Emanata: Fridge Kids

  • Share
  • Read Later

Spoilers for Punisher Max and Justice League: Cry for Justice are lurking below. Consider yourself warned.


It’s been pointed out by a few of my associates over at the Savage Critics (among other people) that there have been an awful lot of superhero comics in the last few months involving children and babies getting killed. The most prominent example is the maudlin, screechy Justice League: Cry for Justice miniseries, written by James Robinson, in whose final issue eight-year-old Lian Harper is killed off by an exploding plot device. Lian had been around since the mid-’80s, and she was kind of a cool supporting character (the daughter of screwed-up hero Red Arrow and super-assassin Cheshire), but apparently the mortality-and-morbidity count of Cry for Justice thus far wasn’t enough, so off she went. Is that shocking? It’s supposed to be, anyway.

On-panel kid-whacking is often a variation on the women-in-refrigerators syndrome: offering our heroes something to get This Time It’s Personal about, and providing a frisson of exciting disgust. Mark Millar, discussing the extreme violence in his own comics, quipped in his (fascinating, go-read-it-if-you-haven’t-already) interview with Lev the other day that “a lot of people will say, oh, you’re just trying to shock, and I just always think that’s the weirdest thing to say. It’s like saying, oh you’re just trying to entertain. Or you’re just trying to make someone laugh.”

The just in a complaint like that, though, suggests that the shock is not in the service of anything other than deeply experienced unpleasantness. Readers may seek out shocks as a kind of entertainment, but those shocks are usually the clever kind; there’s pleasure in getting a jolt from something you never imagined could jolt you. On the other hand, few things provide a cheaper, more obvious shock than showing kids being harmed, even fictional, only-ink-and-paper kids. Millar, in fact, has pulled the ice-the-kid trick recently too: in Ultimate Avengers #5, the Red Skull forces a woman to kill her husband “with a pair of old scissors” to save her infant’s life. But then he tosses the kid out the window anyway! Because he’s a bad guy! And now we know that!

In this week’s comics, there’s another kid who gets the axe; surprisingly, it’s actually a terrific piece of writing. It happens in the fifth issue of Punisher Max, Jason Aaron and Steve Dillon’s blood-soaked extension of Garth Ennis’s take on the Punisher, in which they’ve been re-inventing the Kingpin as a figure in crime stories rather than straight-up superhero stories. The first few issues of the Kingpin arc, and especially the opening pages of this one, have set up this version of Wilson Fisk as a cold-blooded gangster whose one saving grace is that he’s a devoted family man and father. Then Fisk is put in a situation where his life is balanced against his son’s, and he chooses to have his young son Richard killed without a second thought.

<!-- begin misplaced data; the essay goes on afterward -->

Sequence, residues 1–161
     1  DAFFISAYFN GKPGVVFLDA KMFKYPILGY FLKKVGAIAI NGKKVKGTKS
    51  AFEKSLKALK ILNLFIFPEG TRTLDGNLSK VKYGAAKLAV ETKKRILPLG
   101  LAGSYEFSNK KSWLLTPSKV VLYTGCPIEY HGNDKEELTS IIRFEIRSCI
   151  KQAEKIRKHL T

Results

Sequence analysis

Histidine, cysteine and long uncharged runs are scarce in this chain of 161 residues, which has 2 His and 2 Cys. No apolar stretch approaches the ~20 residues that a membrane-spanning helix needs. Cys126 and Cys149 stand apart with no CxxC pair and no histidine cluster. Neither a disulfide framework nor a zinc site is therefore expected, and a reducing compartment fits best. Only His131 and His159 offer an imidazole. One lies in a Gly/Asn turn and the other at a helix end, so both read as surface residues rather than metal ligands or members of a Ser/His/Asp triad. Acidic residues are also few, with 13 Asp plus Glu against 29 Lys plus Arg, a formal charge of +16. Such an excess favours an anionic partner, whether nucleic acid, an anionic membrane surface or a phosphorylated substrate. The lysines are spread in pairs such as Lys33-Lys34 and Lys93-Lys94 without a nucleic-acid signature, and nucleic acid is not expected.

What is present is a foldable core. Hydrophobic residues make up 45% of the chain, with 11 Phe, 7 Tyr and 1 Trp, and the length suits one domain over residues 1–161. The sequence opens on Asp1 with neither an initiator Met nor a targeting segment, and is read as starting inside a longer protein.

The scene is actually much more gruesome than the equivalent page of Cry for Justice, on which little Lian’s bloodstained, sneaker-clad legs, all we see as Green Arrow cradles her body, are what passes for tastefulness; in Punisher Max, we actually see the terrified kid’s throat being slit. It’s also much less ugly as storytelling. It’s the dramatic peak of the arc–a passage without which this story wouldn’t even make sense, the moment at which the Kingpin’s transformation to a monster is almost complete. (That becomes complete a few pages later, when we see his reaction to his son’s death, a gesture of emotional violence that’s even more shocking than the physical violence on the page.)

So why is this scene thoughtful and powerful, while the equivalent moments in Ultimate Avengers and Cry for Justice just seem manipulative and kind of sick? It might be, in part, a genre distinction: super-team comics tend to sell themselves as being about excitement and pleasure (and the disgust associated with dead children blunts that kind of fun), while amped-up shock and gruesomeness–and the irrevocable consequences of violence–are basically the point of Aaron’s Punisher, as they were in Ennis’s.

I suspect, though, that the distinction has more to do with the structure of Kingpin. The decision that Richard Fisk will die is one that the protagonist of Aaron’s story consciously makes–and reveals a lot about himself in the process–not something that’s done to him, or inflicted on the story as a plot-hammer to make a hero look good angry. Conversely remove Lian’s death from Cry for Justice, and it would still have exactly the same plot; even Green Arrow killing Prometheus at the end would have basically the same motivation. If 90,000 citizens of the hero’s city are dead, what’s one more little girl we readers happen to know already, except a way for lazy comic book creators to make a jaded audience feel anything at all?

Want more Emanata? See all of Douglas’ columns here.

More on Techland:

The Man of Steel Syllabus: Christopher Nolan’s Superman Movie Homework

Mark Millar Interview, Part 1: Pornography Would Be Less Shameful

Q&A: Patton Oswalt on His “Serenity” Comic Book